Potential Impacts of Extended Advance Voting on Voter Turnout
The Canadian Evidence: Does Increased Advance Voting in an Electoral District Increase Overall Turnout in that District?
Advance voting could increase overall turnout in at least two ways. First, the ability to vote on more than one day increases the ease of voting; citizens have a greater range of options about when they can cast their vote. Electors' cost of voting is reduced, and this should boost turnout. Second, advance voting creates additional opportunities for parties and candidates to mobilize voters. Because voting is extended over a number of days, local campaign organizations are given more opportunities to bring voters to the polls.
One way to ascertain the impact of advance voting is to look at electoral districts and determine whether there is a correlation between advance voting and turnout. However, the relationship between overall turnout and advance voting cannot be determined by just observing their correlation across electoral districts, because the same factors that theoretically increase election day voting should also increase advance voting. For example, electoral districts with higher mean levels of age could be expected to have higher turnout of both types. Similarly, competitive electoral districts should have higher turnout of both types than non-competitive electoral districts. What is needed is a method that controls for these confounding factors. We can hold these factors constant by looking at the relationship between increases in advance voting and overall turnout. If greater advance voting causes higher overall turnout, then electoral districts that experienced more advance voting in 2006 than 2004 should also have higher overall turnout.
We perform just such an analysis using data from each electoral district from the 2006 federal election. We examine the relationship between election day turnout in each constituency in the 2006 federal election and three variables:
- the difference in the number of those who voted at advance polls as a share of all voters between 2006 and 2004
- election day turnout in 2004
- the closeness of the race in 2006
All other variables, such as the socio-demographic composition of the constituency, are held constant, since constituency boundaries did not change between 2004 and 2006.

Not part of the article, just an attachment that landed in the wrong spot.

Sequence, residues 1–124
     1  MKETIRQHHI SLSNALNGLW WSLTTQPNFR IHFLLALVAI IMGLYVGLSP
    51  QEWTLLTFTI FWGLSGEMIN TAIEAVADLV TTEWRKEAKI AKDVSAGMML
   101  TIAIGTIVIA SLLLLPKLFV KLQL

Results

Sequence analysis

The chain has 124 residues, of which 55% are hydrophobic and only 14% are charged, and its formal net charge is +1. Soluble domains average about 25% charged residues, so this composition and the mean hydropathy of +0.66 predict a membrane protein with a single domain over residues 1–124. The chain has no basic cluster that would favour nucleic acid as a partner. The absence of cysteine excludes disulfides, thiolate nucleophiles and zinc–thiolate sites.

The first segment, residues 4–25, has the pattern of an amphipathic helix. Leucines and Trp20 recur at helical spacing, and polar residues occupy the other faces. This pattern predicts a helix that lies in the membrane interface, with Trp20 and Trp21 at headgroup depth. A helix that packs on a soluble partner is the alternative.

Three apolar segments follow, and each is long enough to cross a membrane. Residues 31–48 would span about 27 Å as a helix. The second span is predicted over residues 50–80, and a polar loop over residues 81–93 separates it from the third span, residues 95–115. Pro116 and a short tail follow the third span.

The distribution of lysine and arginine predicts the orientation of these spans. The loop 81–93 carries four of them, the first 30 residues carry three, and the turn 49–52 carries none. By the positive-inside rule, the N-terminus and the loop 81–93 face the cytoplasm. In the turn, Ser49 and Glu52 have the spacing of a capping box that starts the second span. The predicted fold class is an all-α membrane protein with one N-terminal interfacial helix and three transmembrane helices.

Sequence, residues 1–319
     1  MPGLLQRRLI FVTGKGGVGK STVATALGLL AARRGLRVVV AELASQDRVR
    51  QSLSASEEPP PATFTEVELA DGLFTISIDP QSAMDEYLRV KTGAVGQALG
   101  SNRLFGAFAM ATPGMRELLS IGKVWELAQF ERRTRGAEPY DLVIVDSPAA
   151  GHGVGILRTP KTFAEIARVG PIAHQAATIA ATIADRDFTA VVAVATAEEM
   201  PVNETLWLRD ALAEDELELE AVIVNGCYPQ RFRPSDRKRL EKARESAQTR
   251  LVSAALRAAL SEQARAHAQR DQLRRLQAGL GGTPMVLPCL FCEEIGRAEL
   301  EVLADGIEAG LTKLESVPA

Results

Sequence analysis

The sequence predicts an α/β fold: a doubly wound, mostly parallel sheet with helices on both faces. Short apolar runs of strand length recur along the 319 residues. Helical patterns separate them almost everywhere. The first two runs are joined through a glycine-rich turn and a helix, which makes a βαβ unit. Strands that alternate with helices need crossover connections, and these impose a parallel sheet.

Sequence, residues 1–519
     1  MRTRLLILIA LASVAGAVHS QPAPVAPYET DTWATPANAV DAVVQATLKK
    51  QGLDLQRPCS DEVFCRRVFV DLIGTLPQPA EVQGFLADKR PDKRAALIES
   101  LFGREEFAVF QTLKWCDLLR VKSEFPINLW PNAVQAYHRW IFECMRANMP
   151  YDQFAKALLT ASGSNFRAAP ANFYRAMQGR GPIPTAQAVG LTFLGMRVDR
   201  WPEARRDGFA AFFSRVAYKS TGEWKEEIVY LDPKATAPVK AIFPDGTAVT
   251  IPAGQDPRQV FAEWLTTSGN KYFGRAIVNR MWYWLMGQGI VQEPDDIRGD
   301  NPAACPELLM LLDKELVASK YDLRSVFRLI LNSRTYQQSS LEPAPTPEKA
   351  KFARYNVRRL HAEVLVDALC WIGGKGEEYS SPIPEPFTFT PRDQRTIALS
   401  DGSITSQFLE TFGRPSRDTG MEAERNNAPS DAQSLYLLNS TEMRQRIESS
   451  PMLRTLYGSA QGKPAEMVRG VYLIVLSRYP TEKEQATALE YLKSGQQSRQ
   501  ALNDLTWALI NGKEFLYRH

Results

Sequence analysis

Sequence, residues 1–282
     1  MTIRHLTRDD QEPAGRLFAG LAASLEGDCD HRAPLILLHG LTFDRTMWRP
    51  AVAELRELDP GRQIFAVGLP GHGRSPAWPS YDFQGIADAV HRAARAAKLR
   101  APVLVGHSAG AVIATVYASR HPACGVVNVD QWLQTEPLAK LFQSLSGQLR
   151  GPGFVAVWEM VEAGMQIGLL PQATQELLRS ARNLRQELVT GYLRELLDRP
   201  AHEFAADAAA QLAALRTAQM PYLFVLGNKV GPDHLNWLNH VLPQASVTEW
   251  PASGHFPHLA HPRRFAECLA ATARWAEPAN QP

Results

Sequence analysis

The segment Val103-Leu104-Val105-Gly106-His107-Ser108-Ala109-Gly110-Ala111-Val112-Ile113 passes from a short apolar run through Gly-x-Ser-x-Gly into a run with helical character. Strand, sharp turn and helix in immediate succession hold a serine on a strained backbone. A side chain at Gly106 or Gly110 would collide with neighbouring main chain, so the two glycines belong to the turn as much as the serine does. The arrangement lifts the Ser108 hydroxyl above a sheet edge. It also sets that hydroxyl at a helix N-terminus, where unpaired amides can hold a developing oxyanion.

Table 4 presents the results when we regress election day turnout on change in advance voting, controlling for the closeness of the race and election day turnout in 2004. To ascertain the effect of increases in advance voting on overall turnout, we examine the coefficient measuring the impact of advance voting increase.
|OLS Regression coefficient||(Error)|
|Election day turnout, 2004||0.70***||(0.03)|
|Advance voting increase, 2006||-0.44***||(0.12)|
|Margin of victory, 2006||-0.03***||(0.01)|
Number of cases 308
* significant at 0.10 (two-tailed test)
** significant at 0.05 (two-tailed test)
*** significant at 0.01 (two-tailed test)
The results suggest that for every percentage point increase in advance voting in 2006 over 2004, election day turnout was 0.44 percentage points lower, taking into account election day turnout in 2004. Since total turnout is the sum of advance voting turnout plus election day turnout, the implication is a net positive effect of 0.56 percentage points (1 – .44). In other words, an electoral district that went from 5-percent advance voting in 2004 to 10-percent in 2006 is predicted to experience a 2.2-point (5 x .44) decrease in election day voting, but an overall increase in total turnout of approximately 2.8 percentage points (5.0 – 2.2). However, the average increase in advance voting was much smaller than this. In 2006, the average electoral district realized an increase in advance voting of 1.3 percentage points, compared with 2004. The overall effect of increased advance voting (between 2004 and 2006) on overall turnout was then, on average, just 0.7 percentage points. While this is a significant effect, it is also a modest one.